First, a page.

Australia Makes U-turn: Considers Issuing A Central Bank Digital Currency

A few months ago after saying it has no plans to issue a Central Bank Digital Currency (CBDC), the Reserve Bank of Australia (RBA) is exploring the possibilities of issuing a national digital currency. 

“The RBA is researching the technologies and policy implications of a potential wholesale central bank digital currency,” Philip Lowe, the governor of the apex bank noted today in a Daily Mail report

According to Lowe, financial institutions in Australia could conduct transactions using CBDCs, instead of conventional banknotes in the future. 

He added that the apex bank’s innovation lab is already working on a concept that will involve using the tech that powers cryptocurrencies – blockchain, in the development of its CBDC. Lowe promised to share more insights about the bank’s CBDC plans in the future. 

Central Banks Interests’ In CBDC Spikes 

In the past years, central banks have been conducting experiments to develop the digital-version of their official currencies. 

This move is triggered by the increasing demand for digital currencies, as popular cryptocurrencies like Bitcoin (BTC) and Ether (ETH) continue to go mainstream, and fiats are seen as obsolete forms of payments.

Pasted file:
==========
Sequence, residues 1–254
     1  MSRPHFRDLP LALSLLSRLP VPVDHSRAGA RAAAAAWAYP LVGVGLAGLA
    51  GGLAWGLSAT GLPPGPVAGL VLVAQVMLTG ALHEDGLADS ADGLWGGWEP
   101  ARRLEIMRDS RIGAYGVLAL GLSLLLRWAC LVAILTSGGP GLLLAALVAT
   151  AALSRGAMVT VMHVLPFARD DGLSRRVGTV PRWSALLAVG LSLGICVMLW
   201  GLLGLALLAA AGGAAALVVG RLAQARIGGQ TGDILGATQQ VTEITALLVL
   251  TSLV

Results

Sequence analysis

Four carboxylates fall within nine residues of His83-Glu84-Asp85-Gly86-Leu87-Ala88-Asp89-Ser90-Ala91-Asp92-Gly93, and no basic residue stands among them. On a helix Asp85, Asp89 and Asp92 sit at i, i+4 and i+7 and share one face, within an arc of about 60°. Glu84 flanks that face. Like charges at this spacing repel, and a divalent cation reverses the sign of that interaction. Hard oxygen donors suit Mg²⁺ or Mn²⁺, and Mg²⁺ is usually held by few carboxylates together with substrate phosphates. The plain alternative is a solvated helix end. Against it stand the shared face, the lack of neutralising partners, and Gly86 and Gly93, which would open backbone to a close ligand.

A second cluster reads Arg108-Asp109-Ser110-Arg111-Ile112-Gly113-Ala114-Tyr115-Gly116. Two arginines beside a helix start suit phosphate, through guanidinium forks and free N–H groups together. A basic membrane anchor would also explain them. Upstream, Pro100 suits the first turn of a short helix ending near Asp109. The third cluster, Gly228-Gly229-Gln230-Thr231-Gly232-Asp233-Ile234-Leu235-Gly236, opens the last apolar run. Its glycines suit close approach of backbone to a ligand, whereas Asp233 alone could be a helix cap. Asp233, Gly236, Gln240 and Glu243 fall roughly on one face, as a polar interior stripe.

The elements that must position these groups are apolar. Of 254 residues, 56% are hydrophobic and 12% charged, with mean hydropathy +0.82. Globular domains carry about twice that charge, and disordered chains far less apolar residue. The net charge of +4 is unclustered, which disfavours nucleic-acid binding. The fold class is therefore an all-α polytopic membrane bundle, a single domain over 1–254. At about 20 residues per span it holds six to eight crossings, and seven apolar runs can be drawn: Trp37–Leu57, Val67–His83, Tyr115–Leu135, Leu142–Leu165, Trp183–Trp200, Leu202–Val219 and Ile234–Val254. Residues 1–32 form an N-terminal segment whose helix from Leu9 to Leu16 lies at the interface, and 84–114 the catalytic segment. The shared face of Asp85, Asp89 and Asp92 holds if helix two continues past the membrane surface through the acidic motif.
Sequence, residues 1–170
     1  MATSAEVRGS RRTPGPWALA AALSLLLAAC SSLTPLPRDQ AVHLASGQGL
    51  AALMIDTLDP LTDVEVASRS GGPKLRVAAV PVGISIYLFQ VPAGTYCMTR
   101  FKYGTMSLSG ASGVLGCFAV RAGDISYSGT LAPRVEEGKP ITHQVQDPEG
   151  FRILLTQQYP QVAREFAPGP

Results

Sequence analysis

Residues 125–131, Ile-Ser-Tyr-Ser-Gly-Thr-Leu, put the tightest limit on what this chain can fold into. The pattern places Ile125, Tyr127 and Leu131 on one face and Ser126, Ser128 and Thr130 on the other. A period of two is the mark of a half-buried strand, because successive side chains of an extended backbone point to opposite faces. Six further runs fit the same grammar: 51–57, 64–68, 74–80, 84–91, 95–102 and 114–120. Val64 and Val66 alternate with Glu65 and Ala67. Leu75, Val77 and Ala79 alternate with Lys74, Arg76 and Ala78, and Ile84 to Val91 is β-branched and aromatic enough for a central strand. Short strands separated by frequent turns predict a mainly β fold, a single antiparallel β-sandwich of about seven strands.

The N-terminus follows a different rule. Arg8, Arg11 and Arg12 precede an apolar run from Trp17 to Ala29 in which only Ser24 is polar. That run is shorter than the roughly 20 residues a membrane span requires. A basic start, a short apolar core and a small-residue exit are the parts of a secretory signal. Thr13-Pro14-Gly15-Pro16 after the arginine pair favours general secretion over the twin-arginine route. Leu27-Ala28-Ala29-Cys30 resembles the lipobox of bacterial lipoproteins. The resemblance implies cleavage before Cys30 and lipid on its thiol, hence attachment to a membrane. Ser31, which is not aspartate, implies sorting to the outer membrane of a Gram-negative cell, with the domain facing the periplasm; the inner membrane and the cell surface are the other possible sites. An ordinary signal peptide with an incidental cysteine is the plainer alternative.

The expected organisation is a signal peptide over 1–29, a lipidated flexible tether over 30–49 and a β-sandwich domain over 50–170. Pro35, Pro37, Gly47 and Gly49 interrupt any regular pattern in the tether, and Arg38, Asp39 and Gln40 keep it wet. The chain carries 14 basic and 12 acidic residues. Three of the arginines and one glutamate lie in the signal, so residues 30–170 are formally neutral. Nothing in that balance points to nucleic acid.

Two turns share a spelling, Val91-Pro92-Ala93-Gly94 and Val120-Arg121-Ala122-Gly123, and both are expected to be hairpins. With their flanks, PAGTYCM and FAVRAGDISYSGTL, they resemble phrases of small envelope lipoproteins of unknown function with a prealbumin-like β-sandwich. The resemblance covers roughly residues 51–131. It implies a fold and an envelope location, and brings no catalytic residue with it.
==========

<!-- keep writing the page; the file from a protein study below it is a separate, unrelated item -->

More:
While developing CBDCs has been a major topic since 2019, nations picked interest in it early last year during the peak of the coronavirus (COVID-19) pandemic. 

Reports had it that the virus could be transmitted through the use of fiat currencies, which sparked more interest in CBDC from central banks. 

According to a survey conducted by the Bank of International Settlement (BIS), at least 80% of central banks globally are weighing the pros and cons of issuing a CBDC backed by their national currency. 

However, the RBA was not included among the banks considering launching a CBDC. 

Tony Richards, the Head of Payments Policy at the RBA confirmed in November that Australia was not planning to issue a CBDC, adding that the bank is more focussed on blockchain than creating a ‘digital alternative to [its] cash.’  

Lowe’s push for a CBDC in Australia comes as cryptocurrency goes mainstream, with more institutional investors getting involved.